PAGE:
Brewers Rumors: Is A Reunion With Lefty Brett Anderson Possible?
By Tyler Koerth
Brett Anderson spent his last two seasons in MLB as a member of the Brewers. After hitting the free agent market, Anderson ended up not signing with a team in 2022. The southpaw never announced his retirement and now has his sights set on pitching again in 2023.
According to Ken Rosenthal of the Athletic, the soon to be 35 year old wants to pitch at the MLB level again next season. Having not pitched in a year, this means that a showcase is likely in his future sometime this offseason.
Should the Brewers consider a reunion with pitcher Brett Anderson?
As a member of the Brewers, Anderson pitched 143 innings over two seasons. His first year with the team was the shortened 2020 season. In 2021, he made 24 starts and pitched to a 4.22 ERA. The Brewers hardly ever let him work a third time through the lineup, but he did cover 96 innings in total.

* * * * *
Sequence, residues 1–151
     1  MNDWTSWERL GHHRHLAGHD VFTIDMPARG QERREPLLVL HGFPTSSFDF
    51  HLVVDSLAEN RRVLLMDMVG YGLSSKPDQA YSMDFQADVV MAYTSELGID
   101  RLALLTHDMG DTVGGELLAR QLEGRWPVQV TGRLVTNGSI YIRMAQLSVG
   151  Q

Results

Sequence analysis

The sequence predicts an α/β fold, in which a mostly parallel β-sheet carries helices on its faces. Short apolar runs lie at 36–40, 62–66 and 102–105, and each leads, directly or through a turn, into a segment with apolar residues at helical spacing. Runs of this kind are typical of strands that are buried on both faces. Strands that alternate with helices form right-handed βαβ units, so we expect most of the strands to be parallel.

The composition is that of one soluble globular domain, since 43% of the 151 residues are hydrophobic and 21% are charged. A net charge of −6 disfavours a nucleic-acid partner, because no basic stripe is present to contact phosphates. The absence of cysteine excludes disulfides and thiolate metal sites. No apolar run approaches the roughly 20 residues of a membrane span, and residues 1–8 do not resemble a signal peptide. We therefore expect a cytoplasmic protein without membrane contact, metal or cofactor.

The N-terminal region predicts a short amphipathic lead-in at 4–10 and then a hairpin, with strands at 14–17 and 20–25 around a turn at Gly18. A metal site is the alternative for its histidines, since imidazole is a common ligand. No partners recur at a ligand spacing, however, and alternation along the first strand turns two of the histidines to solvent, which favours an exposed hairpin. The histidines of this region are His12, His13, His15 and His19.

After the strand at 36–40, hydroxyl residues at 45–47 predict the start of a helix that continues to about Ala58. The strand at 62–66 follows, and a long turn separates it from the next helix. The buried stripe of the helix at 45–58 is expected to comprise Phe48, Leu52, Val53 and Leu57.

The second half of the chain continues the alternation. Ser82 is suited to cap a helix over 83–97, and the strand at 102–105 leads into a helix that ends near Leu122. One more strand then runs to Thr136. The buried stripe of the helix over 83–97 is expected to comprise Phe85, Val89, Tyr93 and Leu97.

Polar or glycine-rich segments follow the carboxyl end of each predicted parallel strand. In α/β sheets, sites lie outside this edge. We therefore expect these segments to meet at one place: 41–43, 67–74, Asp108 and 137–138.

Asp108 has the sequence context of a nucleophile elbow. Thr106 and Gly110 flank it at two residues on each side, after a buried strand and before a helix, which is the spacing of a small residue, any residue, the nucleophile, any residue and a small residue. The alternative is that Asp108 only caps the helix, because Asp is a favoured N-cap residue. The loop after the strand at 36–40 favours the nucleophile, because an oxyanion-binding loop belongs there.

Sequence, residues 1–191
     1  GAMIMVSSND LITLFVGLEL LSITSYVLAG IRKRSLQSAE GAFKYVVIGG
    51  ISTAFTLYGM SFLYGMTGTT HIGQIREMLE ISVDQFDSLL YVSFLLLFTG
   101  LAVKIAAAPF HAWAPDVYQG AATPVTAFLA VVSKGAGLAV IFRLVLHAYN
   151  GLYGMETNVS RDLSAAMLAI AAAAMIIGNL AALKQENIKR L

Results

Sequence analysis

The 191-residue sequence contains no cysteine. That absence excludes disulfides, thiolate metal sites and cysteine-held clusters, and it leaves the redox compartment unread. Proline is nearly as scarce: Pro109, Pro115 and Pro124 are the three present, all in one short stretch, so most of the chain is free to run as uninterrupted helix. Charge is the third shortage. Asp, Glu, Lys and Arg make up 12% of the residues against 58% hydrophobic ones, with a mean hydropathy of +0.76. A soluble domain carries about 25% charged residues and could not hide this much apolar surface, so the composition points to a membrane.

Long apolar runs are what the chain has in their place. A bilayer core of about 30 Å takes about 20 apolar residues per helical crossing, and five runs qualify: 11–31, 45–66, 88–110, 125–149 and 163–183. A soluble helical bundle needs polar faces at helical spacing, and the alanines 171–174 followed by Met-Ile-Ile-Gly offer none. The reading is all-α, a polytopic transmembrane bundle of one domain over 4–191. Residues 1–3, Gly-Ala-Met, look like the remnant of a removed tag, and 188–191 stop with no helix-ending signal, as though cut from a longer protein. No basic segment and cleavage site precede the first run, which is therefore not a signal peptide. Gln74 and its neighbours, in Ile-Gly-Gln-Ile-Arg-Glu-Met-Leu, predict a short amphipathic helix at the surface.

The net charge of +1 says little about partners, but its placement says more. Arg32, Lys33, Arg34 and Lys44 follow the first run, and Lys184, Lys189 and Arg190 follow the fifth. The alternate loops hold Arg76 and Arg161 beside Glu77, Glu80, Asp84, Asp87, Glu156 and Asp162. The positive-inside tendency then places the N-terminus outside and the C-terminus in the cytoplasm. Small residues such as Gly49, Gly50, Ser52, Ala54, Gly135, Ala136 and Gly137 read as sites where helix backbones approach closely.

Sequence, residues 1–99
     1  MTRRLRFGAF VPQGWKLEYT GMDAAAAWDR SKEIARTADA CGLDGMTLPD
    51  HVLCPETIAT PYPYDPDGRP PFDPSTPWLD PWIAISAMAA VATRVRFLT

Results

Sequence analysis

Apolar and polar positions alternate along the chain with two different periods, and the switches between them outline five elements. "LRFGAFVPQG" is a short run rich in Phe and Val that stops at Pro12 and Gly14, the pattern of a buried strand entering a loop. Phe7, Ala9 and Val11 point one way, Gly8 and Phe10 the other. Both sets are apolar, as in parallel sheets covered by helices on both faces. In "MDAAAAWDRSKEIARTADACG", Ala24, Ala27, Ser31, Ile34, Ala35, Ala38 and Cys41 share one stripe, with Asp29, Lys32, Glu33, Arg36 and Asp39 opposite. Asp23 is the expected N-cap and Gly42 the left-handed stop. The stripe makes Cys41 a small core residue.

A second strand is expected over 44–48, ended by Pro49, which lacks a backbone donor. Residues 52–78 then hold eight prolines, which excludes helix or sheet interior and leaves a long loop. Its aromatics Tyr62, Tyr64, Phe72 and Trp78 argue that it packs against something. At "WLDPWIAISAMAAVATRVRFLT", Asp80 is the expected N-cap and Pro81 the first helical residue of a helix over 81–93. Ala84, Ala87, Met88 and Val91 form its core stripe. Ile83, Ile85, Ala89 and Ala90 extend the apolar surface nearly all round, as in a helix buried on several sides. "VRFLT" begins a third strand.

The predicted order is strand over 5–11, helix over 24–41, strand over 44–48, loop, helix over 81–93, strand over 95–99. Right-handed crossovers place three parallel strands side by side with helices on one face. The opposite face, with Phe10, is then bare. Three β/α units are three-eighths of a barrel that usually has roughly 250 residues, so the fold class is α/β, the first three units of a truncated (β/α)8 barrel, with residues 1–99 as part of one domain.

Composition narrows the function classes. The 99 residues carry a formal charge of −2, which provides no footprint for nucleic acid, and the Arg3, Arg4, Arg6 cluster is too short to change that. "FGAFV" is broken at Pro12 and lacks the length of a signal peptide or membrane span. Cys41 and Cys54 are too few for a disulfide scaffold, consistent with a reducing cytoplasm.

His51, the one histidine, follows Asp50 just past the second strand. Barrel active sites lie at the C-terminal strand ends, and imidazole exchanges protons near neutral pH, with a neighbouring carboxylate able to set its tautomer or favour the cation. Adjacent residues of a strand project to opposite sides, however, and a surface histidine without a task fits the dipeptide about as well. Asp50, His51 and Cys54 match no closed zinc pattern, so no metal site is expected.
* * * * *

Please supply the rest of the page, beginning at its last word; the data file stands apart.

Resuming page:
A big limiting factor in Anderson's last season with the Brewers was injuries. In 2021 he had three different appearances on the injured list. He has sustained quite a few injuries over his career and has made 20 or more starts in a season just four times throughout his 13 year career.
When he was last on the mound, Anderson topped out around 90 MPH with his fastball/sinker. He is a pitch to contact type player who has a career 59% ground ball rate. At times, opposing batters have made lots of hard contact against him.
With the extreme shift going away as a part of the rule changes coming in the 2023 season, it's possible that more batted balls go for base hits. This rule change could impact Anderson's game in which defensive positioning has benefited him in the past.
If the Brewers were to pursue Anderson, it would be to provide pitching depth. The only starting rotation spot that may be up for grabs is the fifth spot (or sixth if the Brewers go that route again) in which Adrian Houser, Aaron Ashby, and Janson Junk will compete for. Corbin Burnes, Brandon Woodruff, Freddy Peralta, and Eric Lauer have the 1-4 spots locked down.
Given Anderson injury history, previous performance track record, and current roster makeup, it is hard to image the Brewers signing him to a major league deal that reports indicate he is seeking. A minor league deal with an invite to spring training seems more possible.